[0062] Silver salts of an organic acid that can be preferably used for the present invention can be prepared by allowing a solution or suspension of an alkali metal salt (e.g., Na salts, K salts, Li salts) of the aforementioned organic acids to react with silver nitrate. As the preparation method, the method described in Japanese Patent Application No. 11-104187, paragraphs 0019-0021 can be used.

[0063] In the present invention, a method of preparing a silver salt of an organic acid by adding an aqueous solution of silver nitrate and a solution of alkali metal salt of an organic acid into a sealable means for mixing liquids can preferably be used. Specifically, the method described in Japanese Patent Application No. 11-203413 can be used.

[0064] In the present invention, a dispersing agent soluble in water can be added to the aqueous solution of silver nitrate and the solution of alkali metal salt of an organic acid or reaction mixture during the preparation of the silver salt of an organic acid. Type and amount of the dispersing agent used in this case are specifically mentioned in Japanese Patent Application No. 11-115457, paragraph 0052.

[0065] The silver salt of an organic acid for use in the present invention is preferably prepared in the presence of a tertiary alcohol. The tertiary alcohol preferably has a total carbon number of 15 or less, more preferably 10 or less. Examples of preferred tertiary alcohols include tert-butanol. However, tertiary alcohol that can be used for the present invention is not limited thereto.

[0066] The tertiary alcohol used for the present invention may be added in any timing during the preparation of the organic acid silver salt, but the tertiary alcohol is preferably used by adding it at the time of preparation of the organic acid alkali metal salt to dissolve the organic alkali metal salt. The tertiary alcohol for use in the present invention may be added in any amount of from 0.01 to 10 in terms of the weight ratio to water used as a solvent for the preparation of the silver salt of an organic acid, but preferably added in an amount of from 0.03 to 1 in terms of weight ratio to water.

[0067] Although shape and size of the organic acid silver salt for use in the present invention are not particularly limited, those mentioned in Japanese Patent Application No. 11-104187, paragraph 0024 can be preferably used. The shape of the organic acid silver salt can be determined from a transmission electron microscope image of organic silver salt dispersion. An example of the method for determining monodispesibility is a method comprising obtaining the standard deviation of a volume weight average diameter of the organic acid silver salt. The percentage of a value obtained by dividing the standard deviation by the volume weight average diameter (variation coefficient) is preferably 80% or less, more preferably 50% or less, particularly preferably 30% or less. As a measurement method, for example, the grain size can be determined by irradiating organic acid silver salt dispersed in a liquid with a laser ray and determining an autocorrelation function for change of the fluctuation of the scattered light with time (volume weight average diameter). The average grain size determined by this method is preferably from 0.05 to 10.0 μm, more preferably from 0.1 to 5.0 μm, further preferably from 0.1 to 2.0 μm, as in solid microparticle dispersion.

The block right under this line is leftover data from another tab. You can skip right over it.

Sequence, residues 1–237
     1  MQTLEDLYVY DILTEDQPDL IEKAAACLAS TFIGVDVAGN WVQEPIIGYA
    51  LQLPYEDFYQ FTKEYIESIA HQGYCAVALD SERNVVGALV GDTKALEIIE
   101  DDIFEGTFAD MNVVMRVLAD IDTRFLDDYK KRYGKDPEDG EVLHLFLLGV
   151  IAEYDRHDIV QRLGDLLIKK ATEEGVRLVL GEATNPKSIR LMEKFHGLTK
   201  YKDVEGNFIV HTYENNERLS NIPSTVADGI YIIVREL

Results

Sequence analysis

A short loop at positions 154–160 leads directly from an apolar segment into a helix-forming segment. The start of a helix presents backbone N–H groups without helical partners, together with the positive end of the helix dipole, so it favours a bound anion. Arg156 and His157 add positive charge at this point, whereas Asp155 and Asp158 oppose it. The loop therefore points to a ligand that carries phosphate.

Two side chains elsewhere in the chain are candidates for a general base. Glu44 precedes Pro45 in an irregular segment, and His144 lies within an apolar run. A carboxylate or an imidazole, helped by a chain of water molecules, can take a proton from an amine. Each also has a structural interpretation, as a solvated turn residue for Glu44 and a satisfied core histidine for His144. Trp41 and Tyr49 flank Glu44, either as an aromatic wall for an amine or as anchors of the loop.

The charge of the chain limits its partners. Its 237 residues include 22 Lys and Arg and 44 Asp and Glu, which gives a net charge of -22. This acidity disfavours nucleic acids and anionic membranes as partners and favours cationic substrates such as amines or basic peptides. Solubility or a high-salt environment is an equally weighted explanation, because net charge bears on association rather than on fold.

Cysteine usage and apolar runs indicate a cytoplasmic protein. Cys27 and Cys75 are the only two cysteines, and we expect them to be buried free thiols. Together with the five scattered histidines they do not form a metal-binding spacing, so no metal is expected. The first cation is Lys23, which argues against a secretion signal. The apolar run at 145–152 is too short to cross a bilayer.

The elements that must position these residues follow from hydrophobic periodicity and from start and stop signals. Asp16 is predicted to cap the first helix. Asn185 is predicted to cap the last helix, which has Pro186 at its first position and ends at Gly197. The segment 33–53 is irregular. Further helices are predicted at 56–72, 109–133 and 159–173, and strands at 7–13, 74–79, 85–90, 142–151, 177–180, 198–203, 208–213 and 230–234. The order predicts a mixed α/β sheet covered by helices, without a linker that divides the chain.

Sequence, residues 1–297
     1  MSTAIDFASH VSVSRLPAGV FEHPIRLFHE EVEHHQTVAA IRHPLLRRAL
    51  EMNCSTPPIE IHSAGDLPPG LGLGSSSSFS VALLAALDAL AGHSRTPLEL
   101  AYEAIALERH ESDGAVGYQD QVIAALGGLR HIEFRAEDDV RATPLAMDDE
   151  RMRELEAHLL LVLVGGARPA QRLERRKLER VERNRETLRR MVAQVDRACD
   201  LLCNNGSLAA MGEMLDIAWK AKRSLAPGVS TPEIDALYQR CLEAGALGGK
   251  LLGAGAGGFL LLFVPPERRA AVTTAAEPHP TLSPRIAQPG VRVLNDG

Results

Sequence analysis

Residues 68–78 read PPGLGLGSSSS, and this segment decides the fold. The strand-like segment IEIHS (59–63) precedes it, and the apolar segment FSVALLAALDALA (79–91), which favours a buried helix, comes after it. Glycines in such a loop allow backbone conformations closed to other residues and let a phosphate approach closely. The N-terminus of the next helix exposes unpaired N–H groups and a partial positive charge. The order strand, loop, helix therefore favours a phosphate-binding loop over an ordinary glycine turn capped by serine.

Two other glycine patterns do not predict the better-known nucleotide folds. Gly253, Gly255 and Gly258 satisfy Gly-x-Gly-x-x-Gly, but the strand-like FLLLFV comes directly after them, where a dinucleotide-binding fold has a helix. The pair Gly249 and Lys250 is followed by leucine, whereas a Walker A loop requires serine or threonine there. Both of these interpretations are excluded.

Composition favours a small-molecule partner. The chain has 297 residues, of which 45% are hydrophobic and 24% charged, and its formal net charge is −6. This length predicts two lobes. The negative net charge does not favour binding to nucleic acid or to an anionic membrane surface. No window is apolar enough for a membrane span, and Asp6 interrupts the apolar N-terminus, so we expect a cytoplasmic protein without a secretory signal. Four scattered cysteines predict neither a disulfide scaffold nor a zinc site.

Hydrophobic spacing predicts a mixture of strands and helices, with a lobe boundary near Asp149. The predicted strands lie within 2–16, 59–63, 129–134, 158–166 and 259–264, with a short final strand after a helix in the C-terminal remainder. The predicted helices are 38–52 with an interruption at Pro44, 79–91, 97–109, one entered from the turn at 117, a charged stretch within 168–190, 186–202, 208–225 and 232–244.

[0068] The silver salt of an organic acid which can be used in the present invention is preferably desalted. The desalting method is not particularly limited and any known methods may be used. Known filtration methods such as centrifugal filtration, suction filtration, ultrafiltration and flocculation washing by coagulation may be preferably used. As the method of ultrafiltration, the method described in Japanese Patent Application No. 11-115457 can be used.

[0069] For obtaining an organic acid silver salt solid dispersion having a high S/N ratio and a small grain size and being free from coagulation, there is preferably used in the present invention a dispersion method comprising steps of converting an aqueous dispersion that contains a silver salt of an organic acid as an image-forming medium and contains substantially no photosensitive silver salt into a high-speed flow dispersion, and then releasing the pressure. As such a dispersion method, the method mentioned in Japanese Patent Application No. 11-104187, paragraphs 0027-0038 can be used.

[0070] The grain size distribution of the grain solid dispersion of silver salt of an organic acid for use in the present invention is preferably monodispersion. Specifically, the percentage (variation coefficient) of the value obtained by dividing the standard deviation of the volume weight average diameter by the volume weight average diameter is preferably 80% or less, more preferably 50% or less, particularly preferably 30% or less.

[0071] The organic acid silver salt grain solid dispersion used for the present invention comprises at least a silver salt of an organic acid and water. While the ratio of the silver salt of an organic acid and water is not particularly limited, the ratio of the silver salt of an organic acid is preferably in the range of 5-50 weight %, particularly preferably 10-30 weight %, with respect to the total weight. While it is preferred that the aforementioned dispersing agent should be used, it is preferably used in a minimum amount within a range suitable for minimizing the grain size, and it is preferably used in an amount of 0.5-30 weight %, particularly preferably 1-15 weight %, with respect to the silver salt of an organic acid.